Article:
k. hypodermic syringes, needles and other objects used, intended for use, or fashioned specifically for use in parenterally injecting controlled dangerous substances into the human body,
l. objects used, intended for use, or fashioned specifically for use in ingesting, inhaling or otherwise introducing marihuana, cocaine, hashish or hashish oil into the human body, such as:
(1) metal, wooden, acrylic, glass, stone, plastic or ceramic pipes with or without screens, permanent screens, hashish heads or punctured metal bowls,
(2) water pipes,
(3) carburetion tubes and devices,
(4) smoking and carburetion masks,
(5) roach clips, meaning objects used to hold burning material, such as a marihuana cigarette, that has become too small or too short to be held in the hand,
(6) miniature cocaine spoons and cocaine vials,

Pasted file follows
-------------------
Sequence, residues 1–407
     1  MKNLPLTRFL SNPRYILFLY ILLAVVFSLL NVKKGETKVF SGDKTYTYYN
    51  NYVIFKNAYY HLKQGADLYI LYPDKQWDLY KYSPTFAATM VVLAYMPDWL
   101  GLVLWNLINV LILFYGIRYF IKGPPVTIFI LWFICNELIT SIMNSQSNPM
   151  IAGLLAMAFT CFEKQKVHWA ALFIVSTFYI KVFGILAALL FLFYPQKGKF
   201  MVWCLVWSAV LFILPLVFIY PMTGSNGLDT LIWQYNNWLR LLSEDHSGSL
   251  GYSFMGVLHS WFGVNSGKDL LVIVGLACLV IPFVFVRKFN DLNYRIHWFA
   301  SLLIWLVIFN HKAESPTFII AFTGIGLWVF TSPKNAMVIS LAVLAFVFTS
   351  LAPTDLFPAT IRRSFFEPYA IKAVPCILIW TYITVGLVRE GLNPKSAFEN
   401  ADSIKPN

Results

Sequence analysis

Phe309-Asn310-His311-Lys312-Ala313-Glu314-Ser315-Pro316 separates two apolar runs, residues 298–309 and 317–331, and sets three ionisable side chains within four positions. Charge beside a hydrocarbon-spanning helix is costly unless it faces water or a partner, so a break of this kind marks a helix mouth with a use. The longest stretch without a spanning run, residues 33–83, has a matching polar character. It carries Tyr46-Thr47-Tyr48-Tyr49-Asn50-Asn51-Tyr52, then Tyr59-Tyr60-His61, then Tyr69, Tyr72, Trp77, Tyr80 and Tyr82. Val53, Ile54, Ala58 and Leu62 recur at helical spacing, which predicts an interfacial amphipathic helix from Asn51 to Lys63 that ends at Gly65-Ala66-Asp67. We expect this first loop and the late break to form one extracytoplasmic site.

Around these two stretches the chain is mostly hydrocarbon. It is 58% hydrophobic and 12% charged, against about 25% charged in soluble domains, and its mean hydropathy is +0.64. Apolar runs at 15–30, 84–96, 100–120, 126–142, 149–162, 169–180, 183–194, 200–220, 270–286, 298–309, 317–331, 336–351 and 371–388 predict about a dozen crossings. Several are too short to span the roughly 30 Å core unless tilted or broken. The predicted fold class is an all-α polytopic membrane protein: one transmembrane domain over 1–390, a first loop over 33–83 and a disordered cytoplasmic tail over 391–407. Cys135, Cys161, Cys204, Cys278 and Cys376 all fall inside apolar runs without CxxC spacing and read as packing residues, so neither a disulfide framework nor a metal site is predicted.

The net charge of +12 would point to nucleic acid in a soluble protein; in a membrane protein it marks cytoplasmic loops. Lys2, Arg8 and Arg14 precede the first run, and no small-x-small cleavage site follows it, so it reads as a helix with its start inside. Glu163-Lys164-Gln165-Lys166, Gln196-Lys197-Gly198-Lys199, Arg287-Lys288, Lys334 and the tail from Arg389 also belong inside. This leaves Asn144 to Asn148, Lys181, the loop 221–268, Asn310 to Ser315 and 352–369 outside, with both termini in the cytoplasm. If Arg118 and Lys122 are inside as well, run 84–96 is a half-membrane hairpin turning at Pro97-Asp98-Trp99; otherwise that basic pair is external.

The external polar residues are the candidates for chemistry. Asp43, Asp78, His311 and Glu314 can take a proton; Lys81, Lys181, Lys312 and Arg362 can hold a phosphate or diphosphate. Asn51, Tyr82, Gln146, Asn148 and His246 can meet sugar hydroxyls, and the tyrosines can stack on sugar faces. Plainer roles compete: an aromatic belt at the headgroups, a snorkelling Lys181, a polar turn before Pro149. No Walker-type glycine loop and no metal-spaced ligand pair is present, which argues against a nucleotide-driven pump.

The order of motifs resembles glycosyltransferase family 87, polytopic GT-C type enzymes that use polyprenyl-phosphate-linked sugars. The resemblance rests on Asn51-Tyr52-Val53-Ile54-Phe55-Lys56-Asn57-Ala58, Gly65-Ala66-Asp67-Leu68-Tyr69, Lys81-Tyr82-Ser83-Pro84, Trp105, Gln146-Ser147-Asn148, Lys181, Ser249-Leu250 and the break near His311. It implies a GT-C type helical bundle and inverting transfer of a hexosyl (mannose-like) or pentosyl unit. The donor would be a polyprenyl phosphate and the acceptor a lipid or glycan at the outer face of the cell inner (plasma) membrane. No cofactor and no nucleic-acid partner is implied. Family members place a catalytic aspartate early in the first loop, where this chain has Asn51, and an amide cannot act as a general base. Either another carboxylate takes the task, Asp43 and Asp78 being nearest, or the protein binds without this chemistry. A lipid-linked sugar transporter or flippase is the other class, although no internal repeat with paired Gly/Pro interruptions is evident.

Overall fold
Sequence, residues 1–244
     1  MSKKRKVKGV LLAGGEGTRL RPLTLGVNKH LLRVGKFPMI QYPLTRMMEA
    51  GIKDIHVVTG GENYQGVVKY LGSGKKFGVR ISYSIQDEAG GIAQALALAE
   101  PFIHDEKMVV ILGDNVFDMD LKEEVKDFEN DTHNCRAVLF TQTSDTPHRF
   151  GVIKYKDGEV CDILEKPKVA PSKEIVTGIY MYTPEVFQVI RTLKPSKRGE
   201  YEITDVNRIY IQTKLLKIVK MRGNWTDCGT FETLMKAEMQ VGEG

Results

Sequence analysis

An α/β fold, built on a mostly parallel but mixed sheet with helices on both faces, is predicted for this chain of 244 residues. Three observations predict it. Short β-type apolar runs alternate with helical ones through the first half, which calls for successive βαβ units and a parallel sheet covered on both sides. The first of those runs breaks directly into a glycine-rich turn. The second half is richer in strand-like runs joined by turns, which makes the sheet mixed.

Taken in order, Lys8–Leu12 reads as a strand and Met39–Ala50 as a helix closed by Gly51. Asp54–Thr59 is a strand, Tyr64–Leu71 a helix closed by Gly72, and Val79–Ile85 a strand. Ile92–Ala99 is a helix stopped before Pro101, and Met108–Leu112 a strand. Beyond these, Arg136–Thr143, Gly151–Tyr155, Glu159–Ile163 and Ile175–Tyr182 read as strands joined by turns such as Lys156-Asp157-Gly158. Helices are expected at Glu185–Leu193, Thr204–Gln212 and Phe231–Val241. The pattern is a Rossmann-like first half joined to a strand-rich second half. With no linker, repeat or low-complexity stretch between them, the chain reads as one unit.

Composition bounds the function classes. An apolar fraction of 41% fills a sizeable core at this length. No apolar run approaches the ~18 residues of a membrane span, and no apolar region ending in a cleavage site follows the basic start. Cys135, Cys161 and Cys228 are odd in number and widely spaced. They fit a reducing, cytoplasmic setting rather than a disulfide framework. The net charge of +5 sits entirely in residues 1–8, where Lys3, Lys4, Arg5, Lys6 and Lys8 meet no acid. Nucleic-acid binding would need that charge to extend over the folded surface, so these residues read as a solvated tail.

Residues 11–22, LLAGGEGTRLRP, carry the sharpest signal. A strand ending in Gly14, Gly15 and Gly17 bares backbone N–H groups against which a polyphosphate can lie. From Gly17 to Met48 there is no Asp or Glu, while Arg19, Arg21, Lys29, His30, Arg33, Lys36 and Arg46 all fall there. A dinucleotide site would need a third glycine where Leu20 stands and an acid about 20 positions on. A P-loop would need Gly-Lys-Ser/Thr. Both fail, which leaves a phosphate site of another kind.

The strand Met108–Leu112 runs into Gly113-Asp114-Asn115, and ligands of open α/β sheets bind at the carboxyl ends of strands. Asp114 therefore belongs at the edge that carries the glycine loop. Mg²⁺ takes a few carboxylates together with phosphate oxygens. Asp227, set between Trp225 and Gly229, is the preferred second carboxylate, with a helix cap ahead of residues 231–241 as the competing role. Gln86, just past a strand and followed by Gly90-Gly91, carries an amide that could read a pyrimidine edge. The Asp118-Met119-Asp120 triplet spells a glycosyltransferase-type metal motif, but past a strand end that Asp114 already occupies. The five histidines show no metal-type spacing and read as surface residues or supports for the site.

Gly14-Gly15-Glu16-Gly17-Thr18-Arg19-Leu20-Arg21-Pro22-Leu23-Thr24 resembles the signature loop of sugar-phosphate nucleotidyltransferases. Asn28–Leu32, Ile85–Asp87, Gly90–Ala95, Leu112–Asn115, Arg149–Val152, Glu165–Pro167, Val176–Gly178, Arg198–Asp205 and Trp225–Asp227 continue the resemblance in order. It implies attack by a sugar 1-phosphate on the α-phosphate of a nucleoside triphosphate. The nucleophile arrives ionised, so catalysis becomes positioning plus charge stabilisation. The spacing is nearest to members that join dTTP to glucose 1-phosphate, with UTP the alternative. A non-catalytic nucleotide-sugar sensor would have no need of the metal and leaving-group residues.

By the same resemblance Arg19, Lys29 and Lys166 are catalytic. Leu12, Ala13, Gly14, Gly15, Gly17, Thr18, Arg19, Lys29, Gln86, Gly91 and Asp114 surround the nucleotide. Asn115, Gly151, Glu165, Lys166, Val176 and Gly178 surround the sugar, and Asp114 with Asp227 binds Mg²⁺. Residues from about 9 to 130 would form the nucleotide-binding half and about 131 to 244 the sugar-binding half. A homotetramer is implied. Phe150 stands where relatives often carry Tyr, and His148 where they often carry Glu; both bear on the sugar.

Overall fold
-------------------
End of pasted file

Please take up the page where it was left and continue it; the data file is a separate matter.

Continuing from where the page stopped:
(7) chamber pipes,
(8) carburetor pipes,
(9) electric pipes,
(10) air-driven pipes,
(12) bongs, or
(13) ice pipes or chillers,
m. all hidden or novelty pipes, and
n. any pipe that has a tobacco bowl or chamber of less than one-half (1/2) inch in diameter in which there is any detectable residue of any controlled dangerous substance as defined in this section or any other substances not legal for possession or use;
provided, however, the term "drug paraphernalia" shall not include separation gins intended for use in preparing tea or spice, clamps used for constructing electrical equipment, water pipes designed for ornamentation in which no detectable amount of an illegal substance is found or pipes designed and used solely for smoking tobacco, traditional pipes of an American Indian tribal religious ceremony, or antique pipes that are thirty (30) years of age or older